4 out of 5 adults will suffer back pain at some point in their life

Nadhim ZahawiNadhim Zahawi

Nadhim Zahawi: quote after visiting BHB Fitness, and discussing the problems relating to Lower Back Issues

“I really enjoyed visiting Helen’s business and finding out more about back pain, which affects so many of my constituents; I was shocked to find out that up to 80% experience back pain at some point during their lives.

It’s so important to raise awareness of this issue, especially when you consider the £1bn of public money required for health services to cope with treating back pain, and the 3.7 million work days that are lost as a result – making it the second most common cause of workplace absence.

Some easy steps can be taken to reduce the problem including trying to remain active and not resting too long in one position, and I commend the excellent work Helen is doing to get the message out there.”

 

4 out of 5 adults will suffer back pain at some point in their life

Low back pain defined as pain, muscle tension or stiffness localised below the costal margin and above the inferior gluteal folds with or without leg pain (called sciatica) and is classified as acute when it persists for less than 12 weeks.

Non specific low back pain is low back pain not attributed to a recognisable pathology such as infection, tumour, osteoporosis, rheumatoid arthritis, fracture or inflammation.

Back pain is very common condition and between 4.4% and 33% of the UK adult population suffers.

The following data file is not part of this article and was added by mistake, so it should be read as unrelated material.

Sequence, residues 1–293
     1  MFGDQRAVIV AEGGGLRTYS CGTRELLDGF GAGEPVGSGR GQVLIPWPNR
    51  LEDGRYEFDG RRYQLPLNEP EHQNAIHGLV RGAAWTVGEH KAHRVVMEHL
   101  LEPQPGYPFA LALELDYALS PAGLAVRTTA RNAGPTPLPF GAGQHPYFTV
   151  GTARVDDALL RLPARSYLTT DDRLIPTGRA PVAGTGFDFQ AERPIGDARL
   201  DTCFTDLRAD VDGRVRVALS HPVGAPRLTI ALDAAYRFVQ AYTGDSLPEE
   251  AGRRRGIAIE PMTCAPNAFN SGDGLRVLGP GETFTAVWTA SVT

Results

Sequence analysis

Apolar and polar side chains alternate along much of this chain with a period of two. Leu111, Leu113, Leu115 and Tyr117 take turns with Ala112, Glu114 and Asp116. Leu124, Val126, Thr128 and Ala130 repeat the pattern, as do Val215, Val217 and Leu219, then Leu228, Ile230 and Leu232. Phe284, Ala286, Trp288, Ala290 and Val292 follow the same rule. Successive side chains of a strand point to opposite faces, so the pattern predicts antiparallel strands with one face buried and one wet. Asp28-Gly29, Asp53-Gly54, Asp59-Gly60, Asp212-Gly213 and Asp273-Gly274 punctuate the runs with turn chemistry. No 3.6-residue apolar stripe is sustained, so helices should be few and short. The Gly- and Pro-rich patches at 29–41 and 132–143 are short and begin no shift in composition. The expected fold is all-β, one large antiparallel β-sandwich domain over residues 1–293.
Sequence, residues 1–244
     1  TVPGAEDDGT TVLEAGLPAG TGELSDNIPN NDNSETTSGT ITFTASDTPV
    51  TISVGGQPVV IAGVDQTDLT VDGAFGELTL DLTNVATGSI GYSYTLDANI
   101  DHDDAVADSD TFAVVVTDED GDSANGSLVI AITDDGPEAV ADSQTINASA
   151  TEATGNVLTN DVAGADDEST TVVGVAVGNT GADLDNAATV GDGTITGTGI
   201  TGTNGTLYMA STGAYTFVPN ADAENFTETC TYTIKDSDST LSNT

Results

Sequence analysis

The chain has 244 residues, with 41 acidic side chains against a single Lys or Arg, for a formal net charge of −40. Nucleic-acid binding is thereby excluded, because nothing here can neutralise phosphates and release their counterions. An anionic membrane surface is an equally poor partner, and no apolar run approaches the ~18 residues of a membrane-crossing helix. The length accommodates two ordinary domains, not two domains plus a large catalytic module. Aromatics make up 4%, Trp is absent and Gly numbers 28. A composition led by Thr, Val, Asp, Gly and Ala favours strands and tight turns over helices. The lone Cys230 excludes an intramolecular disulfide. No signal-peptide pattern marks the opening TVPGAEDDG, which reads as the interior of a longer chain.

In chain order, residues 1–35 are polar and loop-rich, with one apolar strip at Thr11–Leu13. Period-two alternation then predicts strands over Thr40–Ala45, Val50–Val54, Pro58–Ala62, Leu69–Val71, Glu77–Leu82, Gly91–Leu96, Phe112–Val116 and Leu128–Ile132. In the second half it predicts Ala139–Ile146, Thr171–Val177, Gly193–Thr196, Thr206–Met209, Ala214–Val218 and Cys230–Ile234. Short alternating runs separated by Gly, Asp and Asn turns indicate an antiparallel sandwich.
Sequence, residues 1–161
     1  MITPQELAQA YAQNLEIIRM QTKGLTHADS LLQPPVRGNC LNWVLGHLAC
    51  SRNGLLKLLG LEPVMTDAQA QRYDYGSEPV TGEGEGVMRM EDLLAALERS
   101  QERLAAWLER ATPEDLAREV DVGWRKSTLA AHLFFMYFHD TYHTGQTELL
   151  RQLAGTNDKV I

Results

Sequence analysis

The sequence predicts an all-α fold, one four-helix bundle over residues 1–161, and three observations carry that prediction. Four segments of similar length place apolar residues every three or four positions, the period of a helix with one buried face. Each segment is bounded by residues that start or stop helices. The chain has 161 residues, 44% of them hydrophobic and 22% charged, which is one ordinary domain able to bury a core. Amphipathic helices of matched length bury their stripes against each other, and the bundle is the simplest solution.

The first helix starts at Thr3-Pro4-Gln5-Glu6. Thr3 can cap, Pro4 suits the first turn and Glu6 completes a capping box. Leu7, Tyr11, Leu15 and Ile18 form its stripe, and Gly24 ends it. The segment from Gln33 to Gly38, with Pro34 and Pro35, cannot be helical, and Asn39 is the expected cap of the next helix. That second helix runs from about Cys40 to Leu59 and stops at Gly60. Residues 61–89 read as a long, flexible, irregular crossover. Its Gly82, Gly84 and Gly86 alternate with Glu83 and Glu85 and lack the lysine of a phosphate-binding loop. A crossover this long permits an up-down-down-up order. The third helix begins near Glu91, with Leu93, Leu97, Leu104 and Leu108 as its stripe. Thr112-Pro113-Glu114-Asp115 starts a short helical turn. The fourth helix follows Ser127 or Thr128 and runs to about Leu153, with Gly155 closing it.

Half the UK adult population (49%) report low back pain for at least 24 hours at some point in the course of a year and estimated 4 out of 5 adults will suffer back pain at some point in their life.

In industrialised countries up to 80% of the population will experience back pain at some stage in their life.

90% of those with low back pain in primary care stop consulting health care practitioners within three months however most will still be suffering low back pain and related disability one year after consultation.

Most cases of back pain are non specific and cannot be attributed to any serious pathology.  Up to 7% of individuals with acute back pain will develop chronic back pain which accounts for 80% of social and health care costs.

Back pain has a significant impact on physiological and psychological health.  More than £1 billion of public money is spend by the health service each year on costs relating to back pain and a further £565 million in private health care.  £141 million is spent each year on GP consultations for back pain and £512 million for hospital care and an estimated £150.6 million on physiotherapy treatments.

3.7 million working days were lost as a result of back pain which makes back pain the second most important reason for work absence.

The total cost of back pain corresponds to 1-2% of GDP.

Some of the current guidelines for low back pain:

Nothing to worry about, back ache is very common
Avoid too much rest
Stay as active as possible and continue normal daily activities
If working stay at work or return to work as soon as possible
Hurting does not mean harm
Not usually due to any serious disease,
Settles quickly, at least enough for you to get on with your normal life
Need not cripple you unless you let it
Your spine is one of the strongest parts of your body
Be positive stay active, you will get better quicker and have less trouble later

Needless to say the comments about staying active, and do not rest too much are significant.  Many people get the issue due to poor posture, sitting far too long in one position, sedendary lifestyles etc.

Regular exercise using the correct muscles helps enormously both prevent low back pain and manage it once it is present.

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